Traditionally in Germany environmental engineering education took place within the context of a civil engineering programme. There were reasons for this: the beginning of much of what we understand today to be environmental works fell within the parameters of city engineering. There were and are advantages mostly in view of the necessary planning, construction and operation of environmental infrastructure. There are also disadvantages which become more and more pronounced as the field of environmental protection expands: the civil engineer frequently lacks basic training in disciplines such as biology and chemistry and carries a large and sometimes burdensome knowledge of other less relevant subjects. Thus, educators begin to look for alternatives.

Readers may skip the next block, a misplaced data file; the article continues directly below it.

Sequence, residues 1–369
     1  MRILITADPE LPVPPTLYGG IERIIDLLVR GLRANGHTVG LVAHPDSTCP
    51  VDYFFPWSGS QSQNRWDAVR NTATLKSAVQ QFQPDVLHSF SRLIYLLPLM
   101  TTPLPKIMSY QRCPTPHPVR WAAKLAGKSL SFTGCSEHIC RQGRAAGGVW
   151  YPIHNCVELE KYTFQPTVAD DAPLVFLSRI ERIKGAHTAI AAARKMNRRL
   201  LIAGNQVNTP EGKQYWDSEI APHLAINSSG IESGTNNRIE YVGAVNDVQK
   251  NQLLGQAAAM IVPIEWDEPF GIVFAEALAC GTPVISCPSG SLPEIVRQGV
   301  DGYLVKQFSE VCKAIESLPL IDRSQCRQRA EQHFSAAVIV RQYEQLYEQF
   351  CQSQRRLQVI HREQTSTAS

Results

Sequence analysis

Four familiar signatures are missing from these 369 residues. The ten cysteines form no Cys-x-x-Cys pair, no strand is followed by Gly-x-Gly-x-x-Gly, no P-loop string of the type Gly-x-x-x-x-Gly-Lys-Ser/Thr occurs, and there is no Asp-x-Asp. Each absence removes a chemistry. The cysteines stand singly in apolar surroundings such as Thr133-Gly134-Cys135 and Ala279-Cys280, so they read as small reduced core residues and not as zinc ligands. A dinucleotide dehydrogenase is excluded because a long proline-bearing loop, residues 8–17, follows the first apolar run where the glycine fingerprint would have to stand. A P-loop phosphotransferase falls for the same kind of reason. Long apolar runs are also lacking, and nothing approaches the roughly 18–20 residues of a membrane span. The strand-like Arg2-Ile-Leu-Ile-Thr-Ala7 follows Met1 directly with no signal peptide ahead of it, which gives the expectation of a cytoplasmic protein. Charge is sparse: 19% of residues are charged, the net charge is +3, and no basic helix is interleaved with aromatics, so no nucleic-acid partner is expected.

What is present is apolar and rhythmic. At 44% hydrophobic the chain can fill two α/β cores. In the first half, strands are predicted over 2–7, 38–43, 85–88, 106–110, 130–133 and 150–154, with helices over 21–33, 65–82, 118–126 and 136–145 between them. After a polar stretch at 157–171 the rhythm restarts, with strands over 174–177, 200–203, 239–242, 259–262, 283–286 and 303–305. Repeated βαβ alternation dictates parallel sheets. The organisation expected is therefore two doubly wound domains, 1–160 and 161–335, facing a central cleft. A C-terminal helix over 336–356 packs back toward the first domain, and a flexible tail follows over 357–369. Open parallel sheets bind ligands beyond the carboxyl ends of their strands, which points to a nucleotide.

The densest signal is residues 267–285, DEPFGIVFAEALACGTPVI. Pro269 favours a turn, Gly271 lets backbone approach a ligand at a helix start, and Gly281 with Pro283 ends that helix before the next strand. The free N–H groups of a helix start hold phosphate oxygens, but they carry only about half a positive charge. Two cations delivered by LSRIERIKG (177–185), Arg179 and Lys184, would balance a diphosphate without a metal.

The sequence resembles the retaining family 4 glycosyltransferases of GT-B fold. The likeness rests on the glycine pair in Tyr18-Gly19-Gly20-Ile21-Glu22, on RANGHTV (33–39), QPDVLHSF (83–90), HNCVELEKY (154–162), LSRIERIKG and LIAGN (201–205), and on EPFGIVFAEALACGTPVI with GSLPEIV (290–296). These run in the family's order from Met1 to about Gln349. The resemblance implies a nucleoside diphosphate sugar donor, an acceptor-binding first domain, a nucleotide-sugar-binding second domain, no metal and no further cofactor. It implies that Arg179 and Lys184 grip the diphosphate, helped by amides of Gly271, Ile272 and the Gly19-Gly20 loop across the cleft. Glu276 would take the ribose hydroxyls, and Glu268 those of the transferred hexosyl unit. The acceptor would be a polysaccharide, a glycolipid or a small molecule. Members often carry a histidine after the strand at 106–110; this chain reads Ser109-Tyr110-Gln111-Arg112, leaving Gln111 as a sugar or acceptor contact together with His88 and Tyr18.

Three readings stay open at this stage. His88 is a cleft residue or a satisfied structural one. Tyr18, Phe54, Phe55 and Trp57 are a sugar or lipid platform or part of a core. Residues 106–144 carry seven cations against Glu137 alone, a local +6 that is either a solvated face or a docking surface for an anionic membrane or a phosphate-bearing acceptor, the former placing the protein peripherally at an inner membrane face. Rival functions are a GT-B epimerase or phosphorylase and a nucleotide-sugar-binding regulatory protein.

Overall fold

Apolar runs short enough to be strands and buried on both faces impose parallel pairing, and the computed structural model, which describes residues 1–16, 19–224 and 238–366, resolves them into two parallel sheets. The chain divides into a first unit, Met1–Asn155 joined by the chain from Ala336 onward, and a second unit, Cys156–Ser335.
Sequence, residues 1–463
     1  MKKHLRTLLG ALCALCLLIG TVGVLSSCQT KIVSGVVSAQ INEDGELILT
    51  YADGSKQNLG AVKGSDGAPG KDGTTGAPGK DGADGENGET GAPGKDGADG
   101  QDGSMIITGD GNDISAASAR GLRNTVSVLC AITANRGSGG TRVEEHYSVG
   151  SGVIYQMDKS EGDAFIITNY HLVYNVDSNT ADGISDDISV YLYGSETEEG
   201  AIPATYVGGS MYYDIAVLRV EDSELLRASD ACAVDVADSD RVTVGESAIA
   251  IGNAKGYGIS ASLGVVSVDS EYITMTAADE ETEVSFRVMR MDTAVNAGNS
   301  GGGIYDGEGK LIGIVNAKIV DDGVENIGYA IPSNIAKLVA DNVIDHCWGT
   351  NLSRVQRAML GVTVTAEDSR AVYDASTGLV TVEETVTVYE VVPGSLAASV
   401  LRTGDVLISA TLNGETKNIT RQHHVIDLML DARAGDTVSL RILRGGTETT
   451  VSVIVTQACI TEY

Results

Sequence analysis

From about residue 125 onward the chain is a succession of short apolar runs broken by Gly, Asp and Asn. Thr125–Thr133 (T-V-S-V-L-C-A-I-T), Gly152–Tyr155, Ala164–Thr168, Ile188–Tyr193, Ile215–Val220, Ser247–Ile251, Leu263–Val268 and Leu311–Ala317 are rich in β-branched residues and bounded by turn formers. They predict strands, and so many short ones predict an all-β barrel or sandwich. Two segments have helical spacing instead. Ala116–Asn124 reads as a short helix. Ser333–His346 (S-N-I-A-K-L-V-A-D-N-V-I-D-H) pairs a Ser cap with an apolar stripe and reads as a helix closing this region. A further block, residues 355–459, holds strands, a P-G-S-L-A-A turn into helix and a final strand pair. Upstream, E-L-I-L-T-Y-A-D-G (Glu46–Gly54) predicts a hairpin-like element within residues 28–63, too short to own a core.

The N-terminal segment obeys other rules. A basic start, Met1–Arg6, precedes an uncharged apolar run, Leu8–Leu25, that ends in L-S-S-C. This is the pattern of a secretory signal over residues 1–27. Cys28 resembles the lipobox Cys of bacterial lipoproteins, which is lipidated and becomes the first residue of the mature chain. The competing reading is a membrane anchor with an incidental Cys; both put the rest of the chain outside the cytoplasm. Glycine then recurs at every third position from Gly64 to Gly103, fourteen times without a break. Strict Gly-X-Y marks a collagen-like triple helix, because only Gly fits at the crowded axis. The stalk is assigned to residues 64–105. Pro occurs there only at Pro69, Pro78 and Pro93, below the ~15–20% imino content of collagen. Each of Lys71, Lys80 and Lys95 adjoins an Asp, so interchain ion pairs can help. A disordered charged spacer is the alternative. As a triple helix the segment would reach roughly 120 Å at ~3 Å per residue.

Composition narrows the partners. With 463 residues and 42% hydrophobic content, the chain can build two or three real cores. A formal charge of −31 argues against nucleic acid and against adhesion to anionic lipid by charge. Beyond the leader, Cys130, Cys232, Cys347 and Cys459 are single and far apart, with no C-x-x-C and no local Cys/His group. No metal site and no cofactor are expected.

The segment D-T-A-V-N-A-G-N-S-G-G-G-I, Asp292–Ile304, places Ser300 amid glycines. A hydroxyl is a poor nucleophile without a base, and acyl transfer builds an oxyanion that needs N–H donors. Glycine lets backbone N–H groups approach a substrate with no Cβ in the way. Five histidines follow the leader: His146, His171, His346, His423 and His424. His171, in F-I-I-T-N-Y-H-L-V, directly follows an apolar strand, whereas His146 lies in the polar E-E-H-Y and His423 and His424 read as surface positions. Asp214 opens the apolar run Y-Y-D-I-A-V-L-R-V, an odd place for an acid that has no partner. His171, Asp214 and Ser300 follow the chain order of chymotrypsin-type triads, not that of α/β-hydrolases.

This paper deals with an alternative that was developed some ten years ago and therefore has proven viable and successful: at the University of Karlsruhe students may choose to major in environmental engineering within the context or on the basis of an economics and business administration curriculum. The basic question here is as to what extent the student masters the field of environmental engineering if he or she has predominantly a solid background in social sciences and very little in natural sciences.

The paper will describe the curriculum in structure and intensity and evaluate the accumulated knowledge and suitability of these students in terms of actual environmental problems. This will be done in terms of examination performance parallel and/or relative to traditionally trained civil environmental engineers as well as in terms of topics successfully treated in Masters' theses. In conclusion, it is argued that such combination of curricula should not be confined to economic sciences and environmental engineering but also be planned for legal sciences and environmental engineering.

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